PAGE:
Burkina: Junta chief Damiba resigns after two days of tension

Burkina: Junta chief Damiba resigns after two days of tension

The head of Burkina Faso’s ruling junta, Lt. Col. Paul-Henri Sandaogo Damiba, who rejected his announcement of sacking a young captain, finally agreed to resign on Sunday after two days of tension marked by anti-French demonstrations.

His departure was demanded in Ouagadougou by hundreds of protesters in favor of Captain Ibrahim Traoré, 34, who announced his sacking on Friday night.

After mediation between the two rivals by religious and community leaders, “President Paul-Henri Sandaogo Damiba himself has proposed his resignation to avoid clashes with serious human and material consequences,” according to a press release by these very influential leaders in Burkina Faso.

Mr Damiba, who was in Lomé, Togo on Sunday, according to regional diplomatic sources, made his resignation a condition of his safety and that of his supporters and respect of commitments to the Economic Community of West African States (ECOWAS). for a return of power to civilians within two years.

ECOWAS on Sunday evening commended the various Burkinabé parties for “accepting a peaceful settlement of their differences” and announced that it would send a delegation to Ouagadougou on Monday.

Captain Traoré announced in the evening that he had received the support of the various army chiefs to “revive” the fight against the jihadists.

Tension has been high in Burkina since Friday night the announcement by soldiers led by Captain Traoré of the dismissal of Mr Damiba – who himself came to power in a coup in January – was announced.

The fallen putschist had made it clear that he did not want to abdicate despite the hostile demonstrations.

On Saturday, he urged the new putschists to “come to their senses to avoid a fratricidal war, which Burkina Faso does not need in (the) context” of the jihadist violence that has plagued the country since 2015.

In a speech to around thirty secretaries-general of the ministries, Captain Traoré apologized for the soldiers who had “worried Ouagadougou” in the last few hours.

“It happened because some things aren’t working well,” he said, and “you have to act quickly” to change that because “the whole country is in an emergency situation.”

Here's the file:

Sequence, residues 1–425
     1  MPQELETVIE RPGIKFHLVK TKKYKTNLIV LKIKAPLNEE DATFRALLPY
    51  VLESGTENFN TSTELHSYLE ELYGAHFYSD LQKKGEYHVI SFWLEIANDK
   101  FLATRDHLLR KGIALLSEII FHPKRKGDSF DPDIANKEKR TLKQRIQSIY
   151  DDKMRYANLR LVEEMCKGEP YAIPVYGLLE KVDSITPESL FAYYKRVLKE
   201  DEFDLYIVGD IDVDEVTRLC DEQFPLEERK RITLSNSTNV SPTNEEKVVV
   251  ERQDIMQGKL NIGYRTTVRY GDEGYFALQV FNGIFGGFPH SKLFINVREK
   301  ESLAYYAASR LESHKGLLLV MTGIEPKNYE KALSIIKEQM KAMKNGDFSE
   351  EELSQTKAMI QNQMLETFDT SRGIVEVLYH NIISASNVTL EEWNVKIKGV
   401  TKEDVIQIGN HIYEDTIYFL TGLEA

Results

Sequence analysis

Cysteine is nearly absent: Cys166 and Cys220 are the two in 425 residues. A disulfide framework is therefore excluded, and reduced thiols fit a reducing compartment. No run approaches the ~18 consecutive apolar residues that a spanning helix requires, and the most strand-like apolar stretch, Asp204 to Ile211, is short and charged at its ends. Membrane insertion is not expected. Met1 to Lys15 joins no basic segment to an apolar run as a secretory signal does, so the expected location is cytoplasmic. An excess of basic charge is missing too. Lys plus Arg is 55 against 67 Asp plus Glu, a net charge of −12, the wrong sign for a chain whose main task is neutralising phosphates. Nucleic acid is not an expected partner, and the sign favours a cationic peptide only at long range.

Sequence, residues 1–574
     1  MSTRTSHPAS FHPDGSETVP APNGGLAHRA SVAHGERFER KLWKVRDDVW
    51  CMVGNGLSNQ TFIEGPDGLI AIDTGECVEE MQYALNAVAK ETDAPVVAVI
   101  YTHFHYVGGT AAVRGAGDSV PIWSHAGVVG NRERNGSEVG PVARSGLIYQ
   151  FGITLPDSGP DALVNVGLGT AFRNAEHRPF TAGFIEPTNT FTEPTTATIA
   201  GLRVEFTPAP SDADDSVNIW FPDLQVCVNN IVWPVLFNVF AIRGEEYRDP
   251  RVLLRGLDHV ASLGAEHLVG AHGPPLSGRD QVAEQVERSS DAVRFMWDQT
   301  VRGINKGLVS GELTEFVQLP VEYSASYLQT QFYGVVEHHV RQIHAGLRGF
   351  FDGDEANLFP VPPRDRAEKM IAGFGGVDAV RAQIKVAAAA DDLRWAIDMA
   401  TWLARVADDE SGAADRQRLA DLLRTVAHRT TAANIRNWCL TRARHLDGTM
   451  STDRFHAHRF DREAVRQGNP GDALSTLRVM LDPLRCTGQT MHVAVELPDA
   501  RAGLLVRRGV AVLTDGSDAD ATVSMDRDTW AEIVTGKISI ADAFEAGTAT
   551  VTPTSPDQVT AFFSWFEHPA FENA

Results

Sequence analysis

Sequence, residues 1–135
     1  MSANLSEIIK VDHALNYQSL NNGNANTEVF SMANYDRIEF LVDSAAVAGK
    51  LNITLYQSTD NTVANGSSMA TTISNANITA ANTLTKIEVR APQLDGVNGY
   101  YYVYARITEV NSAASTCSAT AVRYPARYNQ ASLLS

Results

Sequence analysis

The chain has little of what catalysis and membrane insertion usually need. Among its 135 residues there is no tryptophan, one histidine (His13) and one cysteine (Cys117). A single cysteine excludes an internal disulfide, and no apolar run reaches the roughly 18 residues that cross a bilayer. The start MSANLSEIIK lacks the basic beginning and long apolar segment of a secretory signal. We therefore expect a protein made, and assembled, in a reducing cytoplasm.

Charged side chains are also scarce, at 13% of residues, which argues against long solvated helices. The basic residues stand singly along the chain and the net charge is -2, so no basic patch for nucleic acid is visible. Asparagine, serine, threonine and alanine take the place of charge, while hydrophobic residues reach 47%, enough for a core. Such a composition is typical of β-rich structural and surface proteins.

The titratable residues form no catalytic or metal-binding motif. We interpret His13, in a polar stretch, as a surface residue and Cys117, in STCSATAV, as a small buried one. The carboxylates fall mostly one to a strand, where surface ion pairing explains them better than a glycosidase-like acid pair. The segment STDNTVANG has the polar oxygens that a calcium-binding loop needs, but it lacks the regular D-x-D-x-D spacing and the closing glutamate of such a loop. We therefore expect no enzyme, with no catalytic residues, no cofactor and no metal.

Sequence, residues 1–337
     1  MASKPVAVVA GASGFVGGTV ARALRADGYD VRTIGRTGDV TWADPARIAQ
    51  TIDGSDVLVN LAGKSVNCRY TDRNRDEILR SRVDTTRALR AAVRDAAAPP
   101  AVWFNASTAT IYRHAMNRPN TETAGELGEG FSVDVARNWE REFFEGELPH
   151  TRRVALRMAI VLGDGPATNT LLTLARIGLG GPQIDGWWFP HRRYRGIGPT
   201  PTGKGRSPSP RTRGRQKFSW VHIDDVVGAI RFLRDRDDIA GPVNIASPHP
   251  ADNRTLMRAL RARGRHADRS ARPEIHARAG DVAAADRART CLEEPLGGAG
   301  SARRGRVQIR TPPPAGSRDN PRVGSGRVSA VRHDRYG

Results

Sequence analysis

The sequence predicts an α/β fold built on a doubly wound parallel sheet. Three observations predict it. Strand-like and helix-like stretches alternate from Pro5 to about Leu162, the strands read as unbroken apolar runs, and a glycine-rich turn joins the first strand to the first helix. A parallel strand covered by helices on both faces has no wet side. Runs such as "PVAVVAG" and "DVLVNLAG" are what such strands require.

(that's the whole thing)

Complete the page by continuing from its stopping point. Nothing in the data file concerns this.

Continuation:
– Call for “calm and restraint” –

A few dozen protesters supporting Ibrahim Traoré gathered in front of the French embassy in Ouagadougou on Sunday, setting fire to protective barriers and throwing stones at the building on the roof of which French soldiers were stationed, others tore down barbed wire to try to scale the perimeter wall of the diplomatic building, an AFP journalist noted. Tear gas was fired from inside the embassy to disperse the protesters.

In a press release read by one of his relatives on national television, Captain Traoré, who was by his side, urged the protesters to “distance from all acts of violence and vandalism (…), especially those that might be committed.” against the French embassy or French military base” in Ouagadougou. He called for “calm and restraint”.

Late on Saturday afternoon, two French institutions had already been attacked by demonstrators: a fire broke out in front of the French embassy and the French institute in Ouagadougou, another in front of the French institute in Bobo-Dioulasso (south-west).

Social Media Protection Claims Lt. Col. Damiba of France have fueled anger among pro-Traore protesters.

They have been formally denied by both Paris and Mr Damiba himself.

A few hours before his dismissal was announced on Friday evening, several hundred people demonstrated in Ouagadougou to demand his departure, but also the end of the French military presence in the Sahel and military cooperation with Russia.

Moscow’s influence has continued to grow in several French-speaking African countries in recent years, particularly Mali and the Central African Republic.

– Borders open again –

Several hundred demonstrators, demanding Mr Damiba’s final surrender, chanting anti-French slogans and waving Russian flags, had accompanied Captain Traoré’s procession to the television, where he had gone to tape his press release.

“We have decided to take our destiny into our own hands and support it,” said Captain Traoré, who gives us “hope”, one of them, Yaya Traoré. But “if things aren’t going well, we go out and tell him to go. So it’s up to him to make it up to him.”

The military that took power said the curfew imposed on Friday from 9pm to 5am (local time and GMT) had been lifted and land borders reopened from Sunday.

Lt. Col. Damiba came to power in January in a coup that overthrew President Roch Marc Christian Kaboré, who was accused of ineffectiveness in countering jihadist violence.

But in recent months, attacks have multiplied in northern and eastern Burkina Faso, where cities now face a jihadist blockade, killing dozens of civilians and soldiers.

Since 2015, regular attacks by armed movements linked to al-Qaeda and the Islamic State (IS) group have killed thousands and displaced around two million people.

Reference: www.guadeloupe.franceantilles.fr

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